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Starbucks water at home
October 9, 2012 9:03 AM   Subscribe

1. How exactly does Starbucks treat their water? I've seen references to "famous triple-filtered" and "reverse osmosis" but nothing definitive or comprehensive. 2. Can this process be duplicated at home? If so, how? 3. Objectively, how is water that has gone through that process different from tap water or bottled water? 4. Subjectively, how would you describe the taste and mouthfeel if you wanted to say that I want water that is.... To me it feels both cleaner and more minerally, somehow fuller, maybe more alkaline?

Water-filter? Filter-filter? Bean-plating water? Anyway...
posted by RandlePatrickMcMurphy to Food & Drink (14 answers total) 3 users marked this as a favorite
 
[Folks, we can all guess at what they might be doing this question is looking for someone who knows what they're doing and sideways insults aren't super helpful anyhow. Try again?]
posted by jessamyn at 9:37 AM on October 9, 2012


I worked at a Starbucks. The water filtration system is a HUGE installation in the back. There are three filters that are essentially gigantic Brita-type filters and one other piece that I assume is the reverse osmosis bit.

Depending on how friendly you are with your baristas, if you go in or call at a slow time they might be willing to look at the system for you to give you the name of the filtration system. It might be two different brands/systems. I know I would have done that for a nice regular. It's usually easily visible in the back, generally somewhere high on the wall by the sinks.
posted by SugarAndSass at 9:49 AM on October 9, 2012 [2 favorites]


I just realized that maybe you're talking about the Ethos bottled water, in which case I have no idea and I apologize for wasting your time.
posted by SugarAndSass at 9:50 AM on October 9, 2012


Regarding question 2: Water filtration can be either membrane-based filtering, or reverse osmosis. You can certainly install filtration and RO at point of use in your home -- they're small and trivially easy to set up.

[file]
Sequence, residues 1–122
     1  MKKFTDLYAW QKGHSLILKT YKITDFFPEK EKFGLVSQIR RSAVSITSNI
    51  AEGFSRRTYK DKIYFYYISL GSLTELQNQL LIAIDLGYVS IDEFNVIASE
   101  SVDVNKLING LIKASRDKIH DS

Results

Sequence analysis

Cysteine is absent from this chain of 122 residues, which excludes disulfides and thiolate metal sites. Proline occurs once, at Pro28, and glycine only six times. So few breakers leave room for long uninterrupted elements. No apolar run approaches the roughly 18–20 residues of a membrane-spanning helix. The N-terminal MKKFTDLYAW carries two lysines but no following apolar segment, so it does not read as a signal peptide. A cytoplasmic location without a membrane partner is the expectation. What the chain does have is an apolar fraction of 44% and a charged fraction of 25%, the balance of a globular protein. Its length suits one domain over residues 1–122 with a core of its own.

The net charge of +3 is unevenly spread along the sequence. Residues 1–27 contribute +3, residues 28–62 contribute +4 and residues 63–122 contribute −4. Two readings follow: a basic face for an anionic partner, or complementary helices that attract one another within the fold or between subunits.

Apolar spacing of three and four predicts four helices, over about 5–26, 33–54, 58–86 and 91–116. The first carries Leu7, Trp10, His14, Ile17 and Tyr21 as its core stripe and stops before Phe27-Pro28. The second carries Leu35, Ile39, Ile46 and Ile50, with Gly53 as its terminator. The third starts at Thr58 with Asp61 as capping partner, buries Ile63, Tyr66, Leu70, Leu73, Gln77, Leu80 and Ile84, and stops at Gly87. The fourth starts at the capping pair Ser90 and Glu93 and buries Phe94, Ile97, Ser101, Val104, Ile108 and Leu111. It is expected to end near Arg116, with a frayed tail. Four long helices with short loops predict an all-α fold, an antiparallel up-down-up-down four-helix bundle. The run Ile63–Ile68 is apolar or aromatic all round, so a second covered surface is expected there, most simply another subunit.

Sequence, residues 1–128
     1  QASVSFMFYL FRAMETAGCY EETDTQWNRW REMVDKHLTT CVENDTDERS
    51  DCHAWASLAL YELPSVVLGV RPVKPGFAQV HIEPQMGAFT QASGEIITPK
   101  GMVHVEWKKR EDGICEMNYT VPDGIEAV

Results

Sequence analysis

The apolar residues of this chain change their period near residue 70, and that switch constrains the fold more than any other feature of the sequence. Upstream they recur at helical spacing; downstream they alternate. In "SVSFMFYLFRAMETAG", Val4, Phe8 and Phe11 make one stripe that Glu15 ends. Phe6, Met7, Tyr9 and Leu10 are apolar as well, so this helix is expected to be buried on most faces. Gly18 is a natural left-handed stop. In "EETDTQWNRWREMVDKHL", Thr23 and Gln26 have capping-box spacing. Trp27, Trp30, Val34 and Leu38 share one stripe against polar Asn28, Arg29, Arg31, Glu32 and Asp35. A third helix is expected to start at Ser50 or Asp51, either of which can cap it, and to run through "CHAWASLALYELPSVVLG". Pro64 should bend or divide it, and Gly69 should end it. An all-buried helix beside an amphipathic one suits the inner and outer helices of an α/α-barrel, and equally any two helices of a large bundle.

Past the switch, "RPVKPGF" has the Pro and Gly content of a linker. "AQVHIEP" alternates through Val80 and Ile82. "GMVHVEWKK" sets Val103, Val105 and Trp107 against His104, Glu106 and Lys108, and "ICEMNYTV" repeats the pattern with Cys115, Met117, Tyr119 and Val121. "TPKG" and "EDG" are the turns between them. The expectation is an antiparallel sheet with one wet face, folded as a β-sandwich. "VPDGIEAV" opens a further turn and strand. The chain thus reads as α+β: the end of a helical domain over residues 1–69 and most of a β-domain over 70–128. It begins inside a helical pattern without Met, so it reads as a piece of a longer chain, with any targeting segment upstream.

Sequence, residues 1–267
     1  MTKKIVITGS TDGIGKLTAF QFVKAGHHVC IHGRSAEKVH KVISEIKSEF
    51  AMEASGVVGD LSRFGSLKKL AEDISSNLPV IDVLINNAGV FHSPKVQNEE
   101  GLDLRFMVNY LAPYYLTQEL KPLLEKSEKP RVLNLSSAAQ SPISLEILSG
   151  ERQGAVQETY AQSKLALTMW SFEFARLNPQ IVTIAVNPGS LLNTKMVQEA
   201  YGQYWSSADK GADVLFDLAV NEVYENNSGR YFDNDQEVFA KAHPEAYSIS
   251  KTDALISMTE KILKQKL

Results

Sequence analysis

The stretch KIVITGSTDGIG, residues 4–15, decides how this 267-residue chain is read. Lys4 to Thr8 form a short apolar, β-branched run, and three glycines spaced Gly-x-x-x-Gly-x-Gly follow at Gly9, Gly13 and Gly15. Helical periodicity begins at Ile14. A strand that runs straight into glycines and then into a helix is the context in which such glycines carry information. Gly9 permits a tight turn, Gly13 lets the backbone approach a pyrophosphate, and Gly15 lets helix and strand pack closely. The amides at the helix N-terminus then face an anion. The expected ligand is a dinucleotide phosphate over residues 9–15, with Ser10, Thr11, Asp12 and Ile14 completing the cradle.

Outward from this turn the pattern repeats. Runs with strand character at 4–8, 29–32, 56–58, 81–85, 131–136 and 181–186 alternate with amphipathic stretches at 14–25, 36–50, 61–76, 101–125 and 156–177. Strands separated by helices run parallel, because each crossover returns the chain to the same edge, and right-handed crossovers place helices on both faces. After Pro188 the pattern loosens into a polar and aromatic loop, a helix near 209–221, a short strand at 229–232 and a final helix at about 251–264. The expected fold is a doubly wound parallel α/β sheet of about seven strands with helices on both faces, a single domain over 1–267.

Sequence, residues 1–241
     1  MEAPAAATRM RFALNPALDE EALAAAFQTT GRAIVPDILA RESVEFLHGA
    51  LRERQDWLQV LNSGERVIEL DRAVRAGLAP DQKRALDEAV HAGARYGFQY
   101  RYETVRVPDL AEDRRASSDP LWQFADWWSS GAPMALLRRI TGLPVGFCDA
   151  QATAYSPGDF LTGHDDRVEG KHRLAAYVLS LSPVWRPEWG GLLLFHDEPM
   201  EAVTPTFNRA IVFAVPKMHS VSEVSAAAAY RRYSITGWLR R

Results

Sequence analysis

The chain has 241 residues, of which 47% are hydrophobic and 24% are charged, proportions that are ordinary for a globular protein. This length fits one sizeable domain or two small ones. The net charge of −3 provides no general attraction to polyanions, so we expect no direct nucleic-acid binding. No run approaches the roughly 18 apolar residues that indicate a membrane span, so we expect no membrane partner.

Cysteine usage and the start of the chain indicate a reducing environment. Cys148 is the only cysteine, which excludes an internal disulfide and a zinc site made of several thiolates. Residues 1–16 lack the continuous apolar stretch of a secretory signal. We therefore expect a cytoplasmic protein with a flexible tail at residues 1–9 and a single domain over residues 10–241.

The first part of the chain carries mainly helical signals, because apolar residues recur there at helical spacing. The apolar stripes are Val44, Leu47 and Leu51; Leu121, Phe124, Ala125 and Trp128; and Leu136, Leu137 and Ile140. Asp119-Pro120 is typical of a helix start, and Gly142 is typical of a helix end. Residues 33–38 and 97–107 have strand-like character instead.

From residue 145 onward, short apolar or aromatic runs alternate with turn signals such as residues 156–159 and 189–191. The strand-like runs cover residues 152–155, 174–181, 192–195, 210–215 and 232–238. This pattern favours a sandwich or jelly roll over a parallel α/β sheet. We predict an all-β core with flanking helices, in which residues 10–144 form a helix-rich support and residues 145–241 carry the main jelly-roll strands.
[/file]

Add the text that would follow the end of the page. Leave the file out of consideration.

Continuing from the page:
Regarding question 3: Both processing mechanisms remove microorganisms, sediment, and byproducts (such as hydrogen sulfide, which gives water a sulfur odor/taste) of contaminants upstream.

Regarding question 4: Neither system will change the "mouth feel" of water in some kind of universal way, as there is nothing to change in water by filtering it. If your starting point is contaminated, however, you might perceive a lack of mineral content or byproduct. Water is just water, so on its own it is essentially flavorless.

Not sure what you mean by "fuller" or "alkaline", as neither are properties of clean water; if Starbucks is filtering and/or using a RO system, they most likely have water that has no taste, as they remove any minerals or microorganisms in the process of cleaning it.
posted by ellF at 9:57 AM on October 9, 2012 [1 favorite]


There are plenty of reverse osmosis water filtration systems available for home use. They're more expensive than activated charcoal ones but they remove more chemicals and contaminants. The question is whether or not Starbucks then treats the filtered water with anything, the way Dasani does since R-O water will usually lack any "character". This PDF says nothing about re-introducing minerals post-filtration, unfortunately.
posted by tommasz at 10:03 AM on October 9, 2012


The water filtration system used by Starbucks is a reverse osmosis system with particulate filters to pre-filter the water on the intake side and protect the RO membrane. It's pretty much the opposite of "minerally" though because one of the main purposes of the system is to remove all minerals so that they don't end up deposited inside the machines and so that local variations in water minerals and chlorine/chloramine don't affect the taste of their products. You could duplicate it with any RO water filtration system.

I don't know if they use that system to produce drinking water though.
posted by atrazine at 10:04 AM on October 9, 2012